Care directly after breeding:  It is best advised that the female stays in her crate for the next few days, so as to avoid urinating often.  As for the male, check from time to time if his penis has fully retreated into his sheath.

4.  Be Ready For The Delivery:

With the big day approaching, you should have a whelping box ready for the birthing process.  A whelping box is designed to protect puppies during birth, sort of like their crib.  The box should be large enough for the female dog to lie down in and stretch out but not too large as to where the puppies can wonder off.  A tip is to place layers newspaper on the bottom of the box so that when it becomes soiled, you can clean it up much easier and replace the newspaper and sheets.

The puppies will need to be kept warm when the are born so you should also place a heat lamp high enough to where it is out of contact, but will still warm the area.  Your puppies will live in this box for about their first 4 weeks, so make sure its comfy and nice.

Fully educate yourself on the stages of labor so that you can better time the delivery date.  Average gestation is about 58-68 days from the date of ovulation.  Several indications that it may be the last week before delivery include: dropped abdomen, enlarged and softened vulva, enlarged nipples, and full mammary glands.  Rectal temperatures will often drop to about 98 degrees within 24 hours of delivery.  If you notice any abnormal vaginal bleeding, you should contact the vet immediately, as this could be a sign of abortion and the dog will need special care.

Prepare the female dog for labor by clipping the long hair from the underside of the abdomen (if there is any).  This will allow the puppies to find the nipples easier.  It is also advised to remove the female dog’s collar to avoid and choking hazards for the puppies.

Monitor her closely:  Once the female dog is in labor, she must be monitored at all times.  Only take her outside on a leash or make sure that you can keep her close by you.  Bring towels just in-case a puppy and born and make sure to check the spot she urinated in for mucus, blood, or other discharge.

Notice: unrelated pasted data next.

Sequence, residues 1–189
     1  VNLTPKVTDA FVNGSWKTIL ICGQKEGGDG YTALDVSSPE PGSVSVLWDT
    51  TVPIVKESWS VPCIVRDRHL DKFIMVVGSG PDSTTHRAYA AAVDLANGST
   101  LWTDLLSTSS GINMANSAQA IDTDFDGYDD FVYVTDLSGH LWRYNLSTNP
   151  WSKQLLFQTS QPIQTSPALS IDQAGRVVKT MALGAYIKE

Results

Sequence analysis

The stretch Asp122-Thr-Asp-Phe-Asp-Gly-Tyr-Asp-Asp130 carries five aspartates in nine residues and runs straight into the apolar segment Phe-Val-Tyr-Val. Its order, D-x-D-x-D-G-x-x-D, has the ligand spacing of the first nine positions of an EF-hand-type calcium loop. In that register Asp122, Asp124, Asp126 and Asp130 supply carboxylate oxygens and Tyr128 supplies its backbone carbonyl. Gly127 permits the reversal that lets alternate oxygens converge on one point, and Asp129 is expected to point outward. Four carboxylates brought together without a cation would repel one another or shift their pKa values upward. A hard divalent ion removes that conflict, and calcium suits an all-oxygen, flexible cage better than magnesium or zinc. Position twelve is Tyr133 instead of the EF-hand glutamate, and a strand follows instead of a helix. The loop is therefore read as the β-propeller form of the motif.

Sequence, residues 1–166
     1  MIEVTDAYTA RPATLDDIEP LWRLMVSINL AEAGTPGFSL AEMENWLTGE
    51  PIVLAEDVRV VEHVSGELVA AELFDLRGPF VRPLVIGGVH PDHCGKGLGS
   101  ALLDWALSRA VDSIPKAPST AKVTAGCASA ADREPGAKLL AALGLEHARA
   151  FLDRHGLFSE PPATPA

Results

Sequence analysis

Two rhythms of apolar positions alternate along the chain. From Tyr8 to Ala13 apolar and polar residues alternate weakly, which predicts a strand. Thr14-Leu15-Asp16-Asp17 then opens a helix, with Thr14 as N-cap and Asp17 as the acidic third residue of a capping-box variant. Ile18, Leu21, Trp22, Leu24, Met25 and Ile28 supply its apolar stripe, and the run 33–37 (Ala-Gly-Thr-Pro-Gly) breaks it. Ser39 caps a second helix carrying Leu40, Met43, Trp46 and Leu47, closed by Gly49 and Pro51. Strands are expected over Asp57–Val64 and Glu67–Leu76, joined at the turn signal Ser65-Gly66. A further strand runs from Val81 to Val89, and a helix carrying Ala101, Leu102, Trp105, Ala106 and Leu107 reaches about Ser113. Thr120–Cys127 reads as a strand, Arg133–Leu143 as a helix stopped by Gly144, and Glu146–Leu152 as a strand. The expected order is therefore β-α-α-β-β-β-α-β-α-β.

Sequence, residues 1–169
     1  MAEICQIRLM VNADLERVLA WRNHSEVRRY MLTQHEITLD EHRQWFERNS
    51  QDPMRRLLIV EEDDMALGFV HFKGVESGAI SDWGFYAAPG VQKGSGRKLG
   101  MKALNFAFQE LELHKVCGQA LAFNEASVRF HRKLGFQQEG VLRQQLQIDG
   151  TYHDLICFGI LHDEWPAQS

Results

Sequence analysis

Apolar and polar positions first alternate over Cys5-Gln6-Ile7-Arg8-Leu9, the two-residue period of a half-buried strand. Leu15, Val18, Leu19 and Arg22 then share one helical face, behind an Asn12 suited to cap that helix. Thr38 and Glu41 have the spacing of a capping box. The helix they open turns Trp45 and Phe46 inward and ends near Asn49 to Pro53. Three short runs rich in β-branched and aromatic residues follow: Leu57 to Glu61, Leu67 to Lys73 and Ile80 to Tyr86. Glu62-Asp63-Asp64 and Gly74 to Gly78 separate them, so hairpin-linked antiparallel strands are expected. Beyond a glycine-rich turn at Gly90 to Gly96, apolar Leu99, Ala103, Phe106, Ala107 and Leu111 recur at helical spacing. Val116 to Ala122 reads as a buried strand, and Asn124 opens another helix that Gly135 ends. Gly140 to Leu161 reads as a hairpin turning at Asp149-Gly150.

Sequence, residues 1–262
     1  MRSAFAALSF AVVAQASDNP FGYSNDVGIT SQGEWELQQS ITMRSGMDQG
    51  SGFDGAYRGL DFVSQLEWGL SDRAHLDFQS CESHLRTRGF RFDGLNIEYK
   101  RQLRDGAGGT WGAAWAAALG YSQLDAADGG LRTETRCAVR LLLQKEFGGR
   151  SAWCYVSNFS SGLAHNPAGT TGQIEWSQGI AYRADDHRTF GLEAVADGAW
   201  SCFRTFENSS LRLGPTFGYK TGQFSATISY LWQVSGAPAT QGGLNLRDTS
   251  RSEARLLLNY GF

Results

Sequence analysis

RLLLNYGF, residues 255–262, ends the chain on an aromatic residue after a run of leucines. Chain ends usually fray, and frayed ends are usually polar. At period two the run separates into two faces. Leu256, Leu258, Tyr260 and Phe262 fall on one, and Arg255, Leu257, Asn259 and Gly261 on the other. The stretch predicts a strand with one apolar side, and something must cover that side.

Delivery time has come and your dog is in labor.  Your dog may get really anxious and restless during labor and may moan, whimper, and pant heavily.  Get her to the whelping box and make sure that the area is quiet and preferably dim lighted.  Prepare for a long day because the process can last up to 10 hours.

By looking at the female dogs stomach, you should be able to notice the uterine contractions becoming more intense.  Once she delivers her first puppy, monitor the time for more contractions.  There should be a 10-30 break in-between births, and if it exceeds 30 minutes, there may be a delivery complication.

The female dog will bite and break each puppies umbilical chord right after birth. But if there are any complications with this,  clamp the cord between 2 hemostats and tear it or cut it.  The puppies also come out covered in placenta, which the mother will lick off and eat (yummy, right?).  However, you can assist the mother with this by gently rubbing the placenta off with a towel.

After delivery is completed, give the mother some fresh water and let her snack on something light and nutritious such as cottage cheese or plain yogurt.

Monitor the puppies carefully for the first 4 weeks.  They should be clean, warm, and getting fed enough milk from their mother.  Healthy puppies should display full bellies and be gaining weight,  if you notice that any of them look skinny and sickly, contact your vet right away.  After a month has passed, the puppies will need a larger area to roam around in.  This area should be kept free from chocking hazards, well lit, and relatively quiet – just like a bigger version of their whelping box.  Take the puppies to the vet when they are about 2 months old so that they can get a health check-up, as well as their first vaccinations.

Things to Remember

Breeding dogs can be rewarding and educational, but is something that you must be very responsible about.  It takes careful planning and dedication and may be very costly.  You must be a committed and responsible breeder.  Make sure that you will be able to find enough homes for all of the puppies and do not breed with the intention of selling puppies for profit.  

If you decide that breeding is for you and that you are prepared, then I wish the best of luck to you, your dog, and your future puppies.  If you plan on giving your puppies up for adoption, make sure that you investigate and get to know their future owner a little bit so that you feel comfortable that they will be great match for the newborn.